And suddenly, before his imagination, appeared with uncommon vividness the picture of the prisoner with the black, squinting eyes. And how she wept when the last words of the prisoners were spoken! He hastily crushed the cigarette he was smoking, lit another, and began pacing up and down the room. One after another the scenes he had lived through with her rose up in his mind. He recalled their last meeting, the passion which seized him at the time, and the disappointment that followed. He recalled the white dress with the blue ribbon; he recalled the morning mass. "Why, I loved her with a pure love that night; I loved her even before, and how I loved her when I first came to my aunts and was writing my composition!" That freshness, youth, fullness of life swept over him and he became painfully sad.

The difference between him as he was then and as he was now was great; it was equally great, if not greater, than the difference between Katiousha in the church and that girl whom they had tried this morning. Then he was a courageous, free man, before whom opened endless possibilities; now he felt himself caught in the tenets of a stupid, idle, aimless, miserable life, from which there was no escape; aye, from which, for the most part, he would not escape. He remembered how he once had prided himself upon his rectitude; how he always made it a rule to tell the truth, and was in reality truthful, and how he was now steeped in falsehood—falsehood which was recognized as truth by all those around him.

And there was no escape from this falsehood; at all events, he did not see any escape. He had sunk in it, became accustomed to it, and indulged himself in it.

The questions that absorbed him now were: How to break loose from Maria Vasilievna and her husband, so that he might be able to look them in the face? How, without falsehood, to disentangle his relations with Missy? How to get out of the inconsistency of considering the private holding of land unjust and keeping his inheritance? How to blot out his sin against Katiousha? "I cannot abandon the woman whom I have loved and content myself with paying money to the lawyer to save her from penal servitude, which she does not even deserve." To blot out the sin, as he did then, when he thought that he was atoning for his wrong by giving her money! Impossible!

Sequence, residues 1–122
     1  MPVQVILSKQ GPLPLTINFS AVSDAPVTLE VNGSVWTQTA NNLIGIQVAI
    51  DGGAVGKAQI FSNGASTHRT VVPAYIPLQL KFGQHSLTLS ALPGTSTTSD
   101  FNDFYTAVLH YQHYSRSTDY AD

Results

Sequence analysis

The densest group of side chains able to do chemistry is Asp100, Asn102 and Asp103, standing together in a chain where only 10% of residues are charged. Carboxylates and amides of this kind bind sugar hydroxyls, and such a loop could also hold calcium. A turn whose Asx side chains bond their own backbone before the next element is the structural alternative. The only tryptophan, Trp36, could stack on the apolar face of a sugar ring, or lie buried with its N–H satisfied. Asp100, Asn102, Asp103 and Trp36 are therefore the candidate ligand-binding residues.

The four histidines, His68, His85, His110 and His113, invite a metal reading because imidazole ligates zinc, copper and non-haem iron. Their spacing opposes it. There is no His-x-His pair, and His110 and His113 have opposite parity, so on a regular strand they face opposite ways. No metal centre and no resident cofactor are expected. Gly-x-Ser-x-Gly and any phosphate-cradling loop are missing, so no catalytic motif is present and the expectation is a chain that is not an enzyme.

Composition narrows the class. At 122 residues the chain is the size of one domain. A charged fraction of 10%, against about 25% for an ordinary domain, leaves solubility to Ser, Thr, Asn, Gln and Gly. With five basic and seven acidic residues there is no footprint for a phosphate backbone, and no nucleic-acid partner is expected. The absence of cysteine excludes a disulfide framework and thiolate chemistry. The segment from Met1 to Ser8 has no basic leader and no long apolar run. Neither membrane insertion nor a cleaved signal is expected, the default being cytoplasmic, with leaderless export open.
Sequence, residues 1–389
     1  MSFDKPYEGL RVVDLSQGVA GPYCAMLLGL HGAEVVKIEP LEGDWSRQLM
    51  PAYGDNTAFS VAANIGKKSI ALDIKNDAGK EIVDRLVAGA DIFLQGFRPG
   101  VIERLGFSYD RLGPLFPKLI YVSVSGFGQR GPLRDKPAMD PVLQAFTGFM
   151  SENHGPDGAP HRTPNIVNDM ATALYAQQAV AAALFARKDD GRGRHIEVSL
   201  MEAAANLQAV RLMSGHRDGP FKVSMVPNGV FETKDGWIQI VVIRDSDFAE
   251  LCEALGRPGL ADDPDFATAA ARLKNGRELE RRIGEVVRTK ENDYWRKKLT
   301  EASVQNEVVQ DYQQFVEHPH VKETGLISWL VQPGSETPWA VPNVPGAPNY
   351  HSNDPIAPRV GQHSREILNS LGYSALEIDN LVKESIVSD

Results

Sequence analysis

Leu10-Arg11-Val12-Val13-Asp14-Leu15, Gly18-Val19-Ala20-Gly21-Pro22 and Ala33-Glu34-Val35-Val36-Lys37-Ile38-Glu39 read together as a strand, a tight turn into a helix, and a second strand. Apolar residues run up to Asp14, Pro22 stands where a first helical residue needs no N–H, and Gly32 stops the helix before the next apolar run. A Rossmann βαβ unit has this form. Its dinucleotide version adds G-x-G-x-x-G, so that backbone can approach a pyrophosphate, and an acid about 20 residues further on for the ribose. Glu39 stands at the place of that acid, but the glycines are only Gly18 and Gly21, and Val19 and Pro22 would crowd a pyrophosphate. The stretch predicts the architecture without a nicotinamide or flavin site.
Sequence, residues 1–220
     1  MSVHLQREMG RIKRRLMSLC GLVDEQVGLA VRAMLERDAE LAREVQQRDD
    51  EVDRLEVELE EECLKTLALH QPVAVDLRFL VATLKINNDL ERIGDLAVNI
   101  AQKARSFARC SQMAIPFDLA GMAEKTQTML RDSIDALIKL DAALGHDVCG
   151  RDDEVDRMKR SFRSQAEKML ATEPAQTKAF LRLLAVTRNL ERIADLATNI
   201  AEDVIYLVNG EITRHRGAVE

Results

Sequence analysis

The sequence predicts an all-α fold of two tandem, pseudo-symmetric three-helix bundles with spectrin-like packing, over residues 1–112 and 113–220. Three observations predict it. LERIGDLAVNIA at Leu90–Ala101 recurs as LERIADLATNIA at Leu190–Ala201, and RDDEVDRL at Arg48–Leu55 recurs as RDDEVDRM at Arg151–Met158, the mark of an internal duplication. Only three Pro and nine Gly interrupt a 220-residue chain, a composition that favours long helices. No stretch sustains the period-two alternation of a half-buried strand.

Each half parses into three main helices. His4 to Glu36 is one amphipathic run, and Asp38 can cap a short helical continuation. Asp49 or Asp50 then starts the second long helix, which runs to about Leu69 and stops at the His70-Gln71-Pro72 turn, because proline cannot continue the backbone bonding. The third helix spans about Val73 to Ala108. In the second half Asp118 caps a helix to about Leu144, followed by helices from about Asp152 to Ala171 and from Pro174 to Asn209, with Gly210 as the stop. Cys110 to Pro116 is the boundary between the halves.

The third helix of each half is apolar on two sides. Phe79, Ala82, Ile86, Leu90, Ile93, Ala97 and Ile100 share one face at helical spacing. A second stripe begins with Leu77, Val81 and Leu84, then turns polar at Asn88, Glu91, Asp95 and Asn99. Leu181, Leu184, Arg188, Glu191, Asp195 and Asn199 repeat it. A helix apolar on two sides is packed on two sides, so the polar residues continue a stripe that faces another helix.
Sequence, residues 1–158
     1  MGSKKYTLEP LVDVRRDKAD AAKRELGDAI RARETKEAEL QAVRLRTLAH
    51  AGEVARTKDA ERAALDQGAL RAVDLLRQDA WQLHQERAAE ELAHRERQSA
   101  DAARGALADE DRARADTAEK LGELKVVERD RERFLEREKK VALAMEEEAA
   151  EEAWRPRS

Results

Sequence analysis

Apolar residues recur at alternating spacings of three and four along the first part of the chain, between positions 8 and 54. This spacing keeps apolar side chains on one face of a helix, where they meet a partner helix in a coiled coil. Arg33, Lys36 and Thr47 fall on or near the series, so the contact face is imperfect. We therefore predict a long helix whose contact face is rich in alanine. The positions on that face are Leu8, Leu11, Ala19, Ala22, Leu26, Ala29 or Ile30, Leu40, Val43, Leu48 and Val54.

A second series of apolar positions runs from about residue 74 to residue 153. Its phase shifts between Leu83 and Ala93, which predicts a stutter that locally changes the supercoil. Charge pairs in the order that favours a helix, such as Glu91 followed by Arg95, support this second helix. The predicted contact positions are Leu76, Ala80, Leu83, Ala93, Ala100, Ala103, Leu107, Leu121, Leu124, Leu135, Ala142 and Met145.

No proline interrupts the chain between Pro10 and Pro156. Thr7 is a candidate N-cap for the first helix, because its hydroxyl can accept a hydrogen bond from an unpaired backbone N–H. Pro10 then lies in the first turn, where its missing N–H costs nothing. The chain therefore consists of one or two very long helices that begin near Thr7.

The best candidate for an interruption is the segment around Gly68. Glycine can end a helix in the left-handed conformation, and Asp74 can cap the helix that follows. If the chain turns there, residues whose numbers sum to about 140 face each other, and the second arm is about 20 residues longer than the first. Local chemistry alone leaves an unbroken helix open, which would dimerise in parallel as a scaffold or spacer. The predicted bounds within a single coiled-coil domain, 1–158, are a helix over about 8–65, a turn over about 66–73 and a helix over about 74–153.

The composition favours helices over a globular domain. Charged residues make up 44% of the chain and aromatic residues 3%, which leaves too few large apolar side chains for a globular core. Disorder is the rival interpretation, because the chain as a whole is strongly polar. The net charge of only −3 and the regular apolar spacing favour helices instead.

He vividly recalled the moment when he ran after her in the corridor, thrust money in her bosom, and ran away from her. "Oh, that money!" With the same horror and disgust he recalled that moment. "Oh, how disgusting!" he said aloud, as he did then. "Only a scoundrel and rascal could do it! And I am that scoundrel, that rascal!" he said aloud. "It is possible that I—" and he stopped in the middle of the room—"Is it possible that I am really a scoundrel? Who but I?" he answered himself. "And is this the only thing?" he continued, still censuring himself. "Are not my relations toward Maria Vasilievna base and detestable? And my position with regard to property? Under the plea that I inherited it from my mother I am using wealth, the ownership of which I consider unlawful. And the whole of this idle, abominable life? And to crown all, my conduct toward Katiousha? Scoundrel! Villain! Let people judge me as they please—I can deceive them, but I cannot deceive myself."

And he suddenly understood that the disgust which he had lately felt toward everybody, and especially to-day toward the Prince and Maria Vasilievna, and Missy, and Kornei, was disgust with himself. And in this confession of his own baseness there was something painful, and at the same time joyous and calming.

In the course of his life Nekhludoff often experienced what he called a "cleansing of the soul." This happened when, after a long period of retardation, or, perhaps, entire cessation of his inner life, he suddenly became aware of it, and proceeded to cleanse his soul of all the accumulated filth that caused this standstill.